On Heroes, Hope, and The Cold, Hard Truth

So Lance Armstrong really is a cheater. Is anyone really surprised? His is just another in the long line of stories about characters who have been built up to mythical status, only to prove that he’s only human, after all.

Such is the nature of hero worship. We find characters that we look up to, admire, aspire to be like, or just to give us hope and faith that there are real heroes out there. In reality, those figures are no less human than the rest of us – only their accomplishments, and failures, seem so much bigger.

I’ve been more than guilty of putting faith in such false prophets. I was one of those boys lacking in positive male role models who sought out someone to trust and look up to. Someone who’d give me hope and protection, or someone who would teach me how to be truly special, so I could gain the admiration and respect of others, which might make me feel worthwhile.

But the more you believe in someone, the more potential they have to let you down. The more blind faith you put in a figure because of some perceived greatness, the more likely they are to eventually expose their true flaws, and remind you that we’re all human, with the potential to screw up. Badly.

Still, much like many of Lance’s faithful followers, I continue to look for heroes, always knowing that I’m probably setting myself up for a fall.

Musicians make especially easy heroes for me. They have so much power in their words and their presence. They tell these stories and move me with their melodies. They do something that I can’t do, but that speaks directly to me, and often for me. I respect that, admire that, and really appreciate that. I put them up on these pedestals, only to often find out that they’re addicts, cheaters, liars, or thieves.

Just ask Kasey Anderson, he seems to be all of the above. He’s someone that I discovered recently, and really enjoyed finding. He seemed like one of those hidden gems, with a huge pile of great songs, and a great story (or so it seemed.) After being introduced to the music, I had to send him words of appreciation, and some money. I had to tell everyone else about him, as well. Eventually, his perceived star-status started to unravel, when the CDs that I ordered never arrived. I soon found out that many others had the same story. Then I read an article about him, and found out the full story.

Outside of music, I also look for goodness in others, because I want to know that goodness is out there. Sometimes, this world seems so messed up that goodness is hard to find. I want to know that there are kind, generous, selfless people out there who can help fix the mess that we’ve created. There has to be a remedy for the darkness that surrounds us.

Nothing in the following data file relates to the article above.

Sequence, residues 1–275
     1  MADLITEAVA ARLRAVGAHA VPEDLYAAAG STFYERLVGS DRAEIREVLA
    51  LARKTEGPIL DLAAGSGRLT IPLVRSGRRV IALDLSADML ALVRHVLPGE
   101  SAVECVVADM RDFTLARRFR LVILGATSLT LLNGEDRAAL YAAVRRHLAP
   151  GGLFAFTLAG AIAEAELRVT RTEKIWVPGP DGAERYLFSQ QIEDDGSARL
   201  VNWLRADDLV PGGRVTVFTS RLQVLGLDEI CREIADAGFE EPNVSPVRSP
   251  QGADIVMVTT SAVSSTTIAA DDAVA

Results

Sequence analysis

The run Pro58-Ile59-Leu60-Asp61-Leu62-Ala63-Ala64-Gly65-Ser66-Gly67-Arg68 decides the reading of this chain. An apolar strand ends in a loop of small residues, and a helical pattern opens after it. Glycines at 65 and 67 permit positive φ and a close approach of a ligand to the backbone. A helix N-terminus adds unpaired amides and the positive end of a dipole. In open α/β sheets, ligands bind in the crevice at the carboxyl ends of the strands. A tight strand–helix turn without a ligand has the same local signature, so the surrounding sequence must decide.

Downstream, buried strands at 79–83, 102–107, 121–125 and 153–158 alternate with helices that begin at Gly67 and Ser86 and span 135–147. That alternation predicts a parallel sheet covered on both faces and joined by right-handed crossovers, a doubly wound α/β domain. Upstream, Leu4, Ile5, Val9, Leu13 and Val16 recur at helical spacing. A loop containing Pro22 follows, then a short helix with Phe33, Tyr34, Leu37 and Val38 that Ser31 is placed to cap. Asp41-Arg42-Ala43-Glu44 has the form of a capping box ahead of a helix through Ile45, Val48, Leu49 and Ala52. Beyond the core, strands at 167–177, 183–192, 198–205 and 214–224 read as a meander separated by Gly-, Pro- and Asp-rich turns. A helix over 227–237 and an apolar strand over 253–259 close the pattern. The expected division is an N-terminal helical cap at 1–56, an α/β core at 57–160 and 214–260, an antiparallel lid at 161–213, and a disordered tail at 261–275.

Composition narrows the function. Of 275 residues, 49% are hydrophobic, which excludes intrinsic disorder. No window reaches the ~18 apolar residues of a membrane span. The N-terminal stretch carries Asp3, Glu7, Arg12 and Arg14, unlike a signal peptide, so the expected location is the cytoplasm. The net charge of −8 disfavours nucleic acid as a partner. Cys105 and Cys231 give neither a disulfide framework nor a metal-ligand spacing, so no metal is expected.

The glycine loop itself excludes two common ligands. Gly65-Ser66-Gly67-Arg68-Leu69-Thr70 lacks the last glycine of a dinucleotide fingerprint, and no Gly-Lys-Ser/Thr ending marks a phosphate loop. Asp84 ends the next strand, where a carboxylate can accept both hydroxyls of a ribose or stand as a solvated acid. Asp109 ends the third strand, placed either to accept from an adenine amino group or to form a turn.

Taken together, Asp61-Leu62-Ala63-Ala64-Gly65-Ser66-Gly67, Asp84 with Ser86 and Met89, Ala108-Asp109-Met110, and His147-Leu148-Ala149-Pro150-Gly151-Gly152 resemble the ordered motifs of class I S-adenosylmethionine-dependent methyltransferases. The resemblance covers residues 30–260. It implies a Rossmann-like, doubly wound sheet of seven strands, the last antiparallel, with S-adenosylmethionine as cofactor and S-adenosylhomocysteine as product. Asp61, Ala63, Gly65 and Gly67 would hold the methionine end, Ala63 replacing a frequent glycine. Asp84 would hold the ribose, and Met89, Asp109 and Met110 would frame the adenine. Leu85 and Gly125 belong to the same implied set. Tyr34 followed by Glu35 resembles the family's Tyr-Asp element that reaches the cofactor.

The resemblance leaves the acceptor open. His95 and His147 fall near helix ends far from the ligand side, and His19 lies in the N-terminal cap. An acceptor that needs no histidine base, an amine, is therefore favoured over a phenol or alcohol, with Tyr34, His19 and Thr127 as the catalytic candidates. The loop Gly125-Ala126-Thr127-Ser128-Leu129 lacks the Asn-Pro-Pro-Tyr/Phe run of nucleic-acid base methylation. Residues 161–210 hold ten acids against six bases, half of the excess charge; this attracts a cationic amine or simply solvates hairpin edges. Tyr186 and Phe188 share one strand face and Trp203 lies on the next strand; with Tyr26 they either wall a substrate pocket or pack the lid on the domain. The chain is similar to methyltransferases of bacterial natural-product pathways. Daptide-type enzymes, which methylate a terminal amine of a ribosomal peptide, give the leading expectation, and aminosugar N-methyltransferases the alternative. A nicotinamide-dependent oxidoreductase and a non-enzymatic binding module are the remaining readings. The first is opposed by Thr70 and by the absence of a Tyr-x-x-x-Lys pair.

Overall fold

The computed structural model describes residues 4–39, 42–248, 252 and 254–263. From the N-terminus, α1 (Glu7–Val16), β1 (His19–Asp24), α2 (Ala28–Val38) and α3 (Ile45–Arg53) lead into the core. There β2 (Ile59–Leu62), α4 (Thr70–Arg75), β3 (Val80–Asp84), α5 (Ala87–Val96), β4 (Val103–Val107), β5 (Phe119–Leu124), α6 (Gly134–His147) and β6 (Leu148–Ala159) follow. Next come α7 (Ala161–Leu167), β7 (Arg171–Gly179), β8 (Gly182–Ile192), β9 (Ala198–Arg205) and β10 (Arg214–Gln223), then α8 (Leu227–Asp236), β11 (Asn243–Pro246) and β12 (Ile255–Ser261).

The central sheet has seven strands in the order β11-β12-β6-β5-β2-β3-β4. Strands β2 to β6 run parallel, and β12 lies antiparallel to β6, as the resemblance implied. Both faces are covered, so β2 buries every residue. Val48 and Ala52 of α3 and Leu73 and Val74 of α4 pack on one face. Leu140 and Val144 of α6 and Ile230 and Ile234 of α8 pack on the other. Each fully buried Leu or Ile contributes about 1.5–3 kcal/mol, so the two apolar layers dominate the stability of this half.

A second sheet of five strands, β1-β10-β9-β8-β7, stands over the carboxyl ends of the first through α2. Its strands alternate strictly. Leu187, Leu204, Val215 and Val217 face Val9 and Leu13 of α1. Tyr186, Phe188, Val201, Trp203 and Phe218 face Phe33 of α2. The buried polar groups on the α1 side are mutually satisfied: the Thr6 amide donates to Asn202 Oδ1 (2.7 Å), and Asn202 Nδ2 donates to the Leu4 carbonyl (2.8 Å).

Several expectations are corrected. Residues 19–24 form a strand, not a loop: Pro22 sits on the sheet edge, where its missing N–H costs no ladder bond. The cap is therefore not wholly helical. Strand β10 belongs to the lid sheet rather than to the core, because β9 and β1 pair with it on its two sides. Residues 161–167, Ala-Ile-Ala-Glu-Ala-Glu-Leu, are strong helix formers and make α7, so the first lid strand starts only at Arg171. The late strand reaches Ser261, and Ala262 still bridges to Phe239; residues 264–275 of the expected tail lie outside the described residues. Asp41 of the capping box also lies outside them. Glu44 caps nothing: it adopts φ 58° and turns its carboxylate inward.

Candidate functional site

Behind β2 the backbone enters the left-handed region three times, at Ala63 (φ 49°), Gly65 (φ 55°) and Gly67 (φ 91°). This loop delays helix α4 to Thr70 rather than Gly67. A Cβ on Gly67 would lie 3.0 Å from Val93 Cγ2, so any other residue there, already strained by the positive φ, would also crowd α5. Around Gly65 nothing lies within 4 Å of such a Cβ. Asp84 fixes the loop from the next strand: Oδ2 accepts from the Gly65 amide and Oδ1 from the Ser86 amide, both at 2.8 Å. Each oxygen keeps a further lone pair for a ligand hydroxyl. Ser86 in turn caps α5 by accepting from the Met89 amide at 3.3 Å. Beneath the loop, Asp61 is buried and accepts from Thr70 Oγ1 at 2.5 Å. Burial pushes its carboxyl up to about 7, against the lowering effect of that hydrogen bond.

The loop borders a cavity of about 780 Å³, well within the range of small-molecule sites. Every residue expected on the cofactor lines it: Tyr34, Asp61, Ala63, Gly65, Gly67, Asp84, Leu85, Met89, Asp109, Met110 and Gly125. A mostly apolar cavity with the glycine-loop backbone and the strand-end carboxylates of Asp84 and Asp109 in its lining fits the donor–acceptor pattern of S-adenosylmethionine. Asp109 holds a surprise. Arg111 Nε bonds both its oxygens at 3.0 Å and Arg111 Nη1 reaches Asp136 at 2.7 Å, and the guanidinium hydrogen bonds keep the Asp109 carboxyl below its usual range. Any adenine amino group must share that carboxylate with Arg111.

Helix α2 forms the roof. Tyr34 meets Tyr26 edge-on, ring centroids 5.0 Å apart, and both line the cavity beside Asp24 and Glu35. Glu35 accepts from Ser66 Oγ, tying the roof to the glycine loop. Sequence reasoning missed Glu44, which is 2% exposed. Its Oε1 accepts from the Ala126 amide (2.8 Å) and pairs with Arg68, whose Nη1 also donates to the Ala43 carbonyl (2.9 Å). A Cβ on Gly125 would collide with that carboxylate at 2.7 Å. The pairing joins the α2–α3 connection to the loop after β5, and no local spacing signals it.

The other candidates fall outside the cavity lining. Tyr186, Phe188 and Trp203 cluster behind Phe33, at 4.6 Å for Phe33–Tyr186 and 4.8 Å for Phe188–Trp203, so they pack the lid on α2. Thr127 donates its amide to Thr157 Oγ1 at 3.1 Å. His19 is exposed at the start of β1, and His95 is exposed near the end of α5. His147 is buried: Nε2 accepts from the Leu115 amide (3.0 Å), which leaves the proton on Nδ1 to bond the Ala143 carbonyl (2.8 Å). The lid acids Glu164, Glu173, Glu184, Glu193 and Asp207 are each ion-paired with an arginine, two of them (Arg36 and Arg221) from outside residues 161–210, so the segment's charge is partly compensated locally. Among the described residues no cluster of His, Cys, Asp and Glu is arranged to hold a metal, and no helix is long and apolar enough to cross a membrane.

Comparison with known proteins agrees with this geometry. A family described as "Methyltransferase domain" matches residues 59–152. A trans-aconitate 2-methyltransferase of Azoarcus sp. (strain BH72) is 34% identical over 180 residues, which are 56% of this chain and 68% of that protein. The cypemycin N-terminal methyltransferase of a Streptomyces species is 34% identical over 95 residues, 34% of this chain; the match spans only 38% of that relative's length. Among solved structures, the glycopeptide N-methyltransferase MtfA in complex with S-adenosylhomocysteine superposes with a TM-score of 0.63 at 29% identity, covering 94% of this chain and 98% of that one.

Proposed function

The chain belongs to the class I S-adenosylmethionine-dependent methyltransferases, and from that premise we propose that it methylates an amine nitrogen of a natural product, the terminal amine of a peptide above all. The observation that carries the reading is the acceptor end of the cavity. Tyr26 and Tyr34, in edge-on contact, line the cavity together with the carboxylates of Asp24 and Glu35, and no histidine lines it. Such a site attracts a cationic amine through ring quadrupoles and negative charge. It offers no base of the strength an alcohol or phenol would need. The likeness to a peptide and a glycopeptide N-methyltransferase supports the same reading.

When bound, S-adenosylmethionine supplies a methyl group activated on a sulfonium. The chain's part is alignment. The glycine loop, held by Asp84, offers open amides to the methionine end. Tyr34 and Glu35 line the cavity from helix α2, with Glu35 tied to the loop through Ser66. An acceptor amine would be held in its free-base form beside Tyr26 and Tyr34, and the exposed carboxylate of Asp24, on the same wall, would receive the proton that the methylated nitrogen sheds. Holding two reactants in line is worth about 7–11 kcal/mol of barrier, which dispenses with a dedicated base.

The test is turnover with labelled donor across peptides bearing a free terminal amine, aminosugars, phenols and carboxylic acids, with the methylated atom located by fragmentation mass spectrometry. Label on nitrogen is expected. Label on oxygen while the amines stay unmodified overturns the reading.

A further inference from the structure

I try to be kind and generous. I try to put the needs of others ahead of myself. I try to make people happy, help out, and make life easier for others. So I look for those things in other people. When I find people who seem to care about others and seem to work at caring, giving, and making people happy, I’m drawn to them. Maybe that’s why I became a teacher – who’s supposed to be more caring, giving, more heroic than a teacher?

Actually, teachers are a great example, because we spend all day trying to appear knowledgeable, trying to motivate, trying to guide, when in actuality, many of us spend most of our “free” time on the Internet looking for information and ideas, which we can pass off as our own. All day, we put on masks and try to be something strong and positive for the benefit of our students. What we hope our students don’t find out is that after hours, some teachers are truly selfish, dirty, even hedonistic people.

So in reality, we, like many musicians, athletes, and role models are just trying to do our best, while continually failing and falling short. It’s the people that we build up the highest that cause the biggest disappointment when they reveal their true humanity.

Perhaps the answer is not to have heroes. Perhaps we should see everybody as flawed and real. Perhaps the answer is to assume that our heroes are doing bad things when nobody’s watching. After all, I’ve heard some pretty crazy stories about seemingly wholesome athletes and children’s entertainers.

But not having heroes takes away so much hope, so much excitement, so much fun. It’s nice to think that there are super-human figures out there who could save us all, even if we one day have to come to realize the truth.

I’ve looked up to athletes, musicians, men and women I’ve befriended, and time and sure, time and again they’ve turned out to not be what I wanted to believe. But at least, for a time, they gave me hope, happiness, and something to help get me through. People close to me have given me money, gifts, support, encouragement, love, and I’m grateful, even if some of them later turned out to not have my best interests in mind. Kasey and so many others gave me an escape, a thrill, emotional fulfillment, even if he’s troubled and flawed. Lance raised a hell of a lot of money for cancer research and support, and his legendary athletic achievements gave us someone to admire and be amazed by, even if he had to cheat to do it.

Let’s focus on the good things, and not lose hope that heroes do exist, but not be too surprised or upset when we learn that things aren’t quite what they seem.


On Heroes, Hope, and The Cold, Hard Truth — 2 Comments

  1. Pingback: January 20, 2013 | Tell The Band To Go Home

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